The barbell preacher curl is a tremendous mass-building movement for the biceps because it enables you to overload your arms with high amounts of weight.
Furthermore, unlike in a regular preacher curl, the straight bar preacher curl trains your biceps in their fully supinated position. This means that you naturally receive a stronger muscle contraction and, with an appropriate diet and good recovery, more muscle growth as well.
The preacher pad is particularly handy for maintaining good form because you can’t use your other muscles to swing the weight up like you can in a standard barbell curl. But as you’ll soon learn, there are also some drawbacks to this exercise that you need to consider before integrating it into your training regime.
Related: Chest and biceps workout
Barbell preacher curl exercise details
- Main Muscles: Biceps brachii
- Secondary Muscles: Brachialis, brachioradialis, forearm flexors
- Exercise Type: Strength
- Exercise Mechanics: Isolation
- Difficulty Level: Beginner
- Equipment Needed: Barbell, preacher pad, weight plates
How to perform barbell preacher curls
- Place a straight bar in the rack of a preacher curl station.
- Sit on the seat of the preacher curl bench.
- Brace your arms against the sloped side of the pad so that your armpits are resting on the very top of the pad.
- Grab the bar with an underhand, shoulder-width grip.
- Curl the barbell toward your front delts.
- Keep curling until your biceps and forearms make forceful contact.
- Hold the contraction for a moment and then lower the barbell under control until your elbows are fully extended.
- Repeat the motion for 3-5 sets of 8-12 reps.
Barbell preacher curl advantages
As you’ll learn in the next section, barbell preacher curls aren’t for everyone because they can be quite tough on your connective tissue. However, compared to the one arm dumbbell preacher curl, straight bar preacher curls offer undeniable mass-building advantages that no weight lifting enthusiast or bodybuilder should ignore.
Better bicep contractions
Unlike the hammer preacher curl and the regular preacher curl, the barbell preacher curl trains the biceps in a fully supinated position. This results in a powerful muscle pump because when the biceps are fully supinated, they’re by definition maximally contracted as well.
What this means for you is that you get better bicep stimulation (compared to using an EZ bar) because now your biceps are fully contracted instead of being just partially flexed.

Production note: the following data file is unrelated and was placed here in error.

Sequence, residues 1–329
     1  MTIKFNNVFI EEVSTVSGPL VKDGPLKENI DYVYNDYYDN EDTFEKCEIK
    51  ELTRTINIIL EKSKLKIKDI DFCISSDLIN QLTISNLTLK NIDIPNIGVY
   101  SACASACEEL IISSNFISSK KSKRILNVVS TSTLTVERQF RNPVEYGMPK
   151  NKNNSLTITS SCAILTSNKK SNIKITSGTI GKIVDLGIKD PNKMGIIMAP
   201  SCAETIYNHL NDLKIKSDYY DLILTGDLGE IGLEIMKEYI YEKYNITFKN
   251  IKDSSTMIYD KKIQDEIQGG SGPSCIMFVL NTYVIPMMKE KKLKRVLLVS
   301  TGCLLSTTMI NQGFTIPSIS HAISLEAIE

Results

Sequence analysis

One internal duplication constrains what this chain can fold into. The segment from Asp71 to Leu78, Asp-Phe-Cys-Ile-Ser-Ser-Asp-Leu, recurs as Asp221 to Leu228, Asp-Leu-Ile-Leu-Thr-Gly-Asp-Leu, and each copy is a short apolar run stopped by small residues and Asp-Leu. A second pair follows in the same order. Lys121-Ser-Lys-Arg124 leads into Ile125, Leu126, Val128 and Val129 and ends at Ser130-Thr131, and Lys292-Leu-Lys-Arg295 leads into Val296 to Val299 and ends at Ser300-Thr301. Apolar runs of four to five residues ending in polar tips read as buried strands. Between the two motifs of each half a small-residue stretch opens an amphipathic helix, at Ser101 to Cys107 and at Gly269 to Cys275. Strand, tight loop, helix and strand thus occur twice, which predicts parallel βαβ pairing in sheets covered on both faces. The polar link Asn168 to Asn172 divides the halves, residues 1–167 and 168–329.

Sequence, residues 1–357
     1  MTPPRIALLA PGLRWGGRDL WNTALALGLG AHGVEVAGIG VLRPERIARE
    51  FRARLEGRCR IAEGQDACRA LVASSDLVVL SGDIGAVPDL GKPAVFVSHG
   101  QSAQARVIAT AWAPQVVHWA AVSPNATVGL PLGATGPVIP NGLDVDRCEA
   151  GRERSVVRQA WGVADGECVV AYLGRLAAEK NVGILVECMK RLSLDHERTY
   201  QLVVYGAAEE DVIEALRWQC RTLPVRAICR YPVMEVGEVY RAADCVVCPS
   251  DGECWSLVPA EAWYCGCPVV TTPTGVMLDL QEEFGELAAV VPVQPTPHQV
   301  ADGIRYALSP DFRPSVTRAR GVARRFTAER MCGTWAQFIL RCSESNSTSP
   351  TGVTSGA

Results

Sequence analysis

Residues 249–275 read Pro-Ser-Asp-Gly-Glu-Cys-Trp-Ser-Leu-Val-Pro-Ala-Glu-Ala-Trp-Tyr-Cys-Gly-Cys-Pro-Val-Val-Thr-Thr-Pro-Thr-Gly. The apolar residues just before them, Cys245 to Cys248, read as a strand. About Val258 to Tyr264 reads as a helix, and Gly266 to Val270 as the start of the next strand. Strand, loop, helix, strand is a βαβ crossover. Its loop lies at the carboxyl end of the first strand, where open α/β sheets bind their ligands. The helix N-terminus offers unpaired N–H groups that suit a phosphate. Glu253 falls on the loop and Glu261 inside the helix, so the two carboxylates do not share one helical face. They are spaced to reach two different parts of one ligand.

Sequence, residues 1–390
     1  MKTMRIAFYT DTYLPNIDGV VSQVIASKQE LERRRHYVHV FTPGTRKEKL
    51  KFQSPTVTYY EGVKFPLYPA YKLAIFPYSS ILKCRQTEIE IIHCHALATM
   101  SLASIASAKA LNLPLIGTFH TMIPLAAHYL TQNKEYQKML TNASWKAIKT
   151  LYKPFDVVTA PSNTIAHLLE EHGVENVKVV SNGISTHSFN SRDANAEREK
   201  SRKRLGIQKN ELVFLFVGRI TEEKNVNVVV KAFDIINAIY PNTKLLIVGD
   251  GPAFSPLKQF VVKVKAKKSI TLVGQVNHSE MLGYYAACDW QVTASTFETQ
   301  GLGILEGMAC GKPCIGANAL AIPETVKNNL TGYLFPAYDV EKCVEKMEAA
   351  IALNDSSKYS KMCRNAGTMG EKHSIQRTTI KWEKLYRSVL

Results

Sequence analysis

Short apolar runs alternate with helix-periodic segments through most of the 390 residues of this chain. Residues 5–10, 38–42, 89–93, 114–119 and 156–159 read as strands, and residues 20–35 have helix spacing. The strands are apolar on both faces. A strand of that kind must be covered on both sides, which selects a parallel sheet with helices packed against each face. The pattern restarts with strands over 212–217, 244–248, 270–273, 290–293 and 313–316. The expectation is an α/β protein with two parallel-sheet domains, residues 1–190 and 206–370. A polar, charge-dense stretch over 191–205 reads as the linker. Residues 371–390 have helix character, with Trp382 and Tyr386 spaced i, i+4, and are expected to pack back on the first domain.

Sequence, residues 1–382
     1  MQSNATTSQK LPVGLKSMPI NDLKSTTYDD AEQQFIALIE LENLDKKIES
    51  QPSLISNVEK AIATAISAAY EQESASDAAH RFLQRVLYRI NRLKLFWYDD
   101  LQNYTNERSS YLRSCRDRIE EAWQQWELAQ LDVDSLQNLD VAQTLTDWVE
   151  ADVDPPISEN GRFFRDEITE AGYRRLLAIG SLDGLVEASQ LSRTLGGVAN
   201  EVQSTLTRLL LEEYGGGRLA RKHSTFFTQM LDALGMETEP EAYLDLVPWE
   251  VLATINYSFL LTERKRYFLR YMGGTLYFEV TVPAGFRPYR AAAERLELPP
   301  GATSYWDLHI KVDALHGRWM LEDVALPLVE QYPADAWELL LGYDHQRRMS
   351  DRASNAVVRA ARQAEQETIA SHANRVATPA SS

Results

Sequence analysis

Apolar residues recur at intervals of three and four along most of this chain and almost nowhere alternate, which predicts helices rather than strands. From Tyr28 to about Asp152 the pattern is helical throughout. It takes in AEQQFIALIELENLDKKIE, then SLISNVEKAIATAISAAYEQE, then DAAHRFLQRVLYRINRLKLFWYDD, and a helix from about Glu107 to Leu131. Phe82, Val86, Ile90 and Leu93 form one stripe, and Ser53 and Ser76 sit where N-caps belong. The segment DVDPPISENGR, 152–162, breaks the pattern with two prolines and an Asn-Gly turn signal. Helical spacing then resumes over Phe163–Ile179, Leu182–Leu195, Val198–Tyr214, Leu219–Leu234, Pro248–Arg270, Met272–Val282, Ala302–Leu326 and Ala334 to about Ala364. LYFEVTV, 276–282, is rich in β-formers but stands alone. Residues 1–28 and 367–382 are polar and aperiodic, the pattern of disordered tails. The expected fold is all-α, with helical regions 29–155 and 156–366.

Of course, to get this benefit, it’s vital that you lift with a full range of motion; otherwise, you’ll be robbing your biceps of that all-important growth-stimulating muscle contraction.
Just make sure to lower the bar all the way down as well. The barbell preacher curl is certainly one of the great lower bicep exercises, but you need to be willing to put your ego aside and lift lighter weights in order to get a proper stretch and contraction.
Easy progressive overload
Dumbbells are an excellent training tool—there’s no denying that. Still, increasing the resistance often means making 5lb weight jumps per side at a minimum. Such a steep increase is impractical for a relatively small muscle group like the biceps because a 5lb increase could easily be equal to a 20% increase for many people.
The solution is to use barbells so that you can microload the resistance in more manageable increments.
In practice, you can just use the smallest plates that you or your gym has available. But if you want to take your microloading to the next level, then you can invest in a set of dedicated microplates, which will enable you to increase the resistance more frequently and thus gain strength faster.
Boosting the resistance by 0.5-1lb per side might not seem like much, but if you’re bumping up the weight on even a semi-regular basis, then those small additions will really start to stack up over the long term. Then, before you know it, you’ll have significantly increased your straight bar preacher curl strength, which leads me nicely onto the next advantage.
More bicep mass
Barbells enable you to lift heavier than any other free weight training tool because they’re the most conducive to progressive overload. Therefore, not only will your biceps become stronger from performing preacher barbell curls, they’ll become bigger and more sculpted too.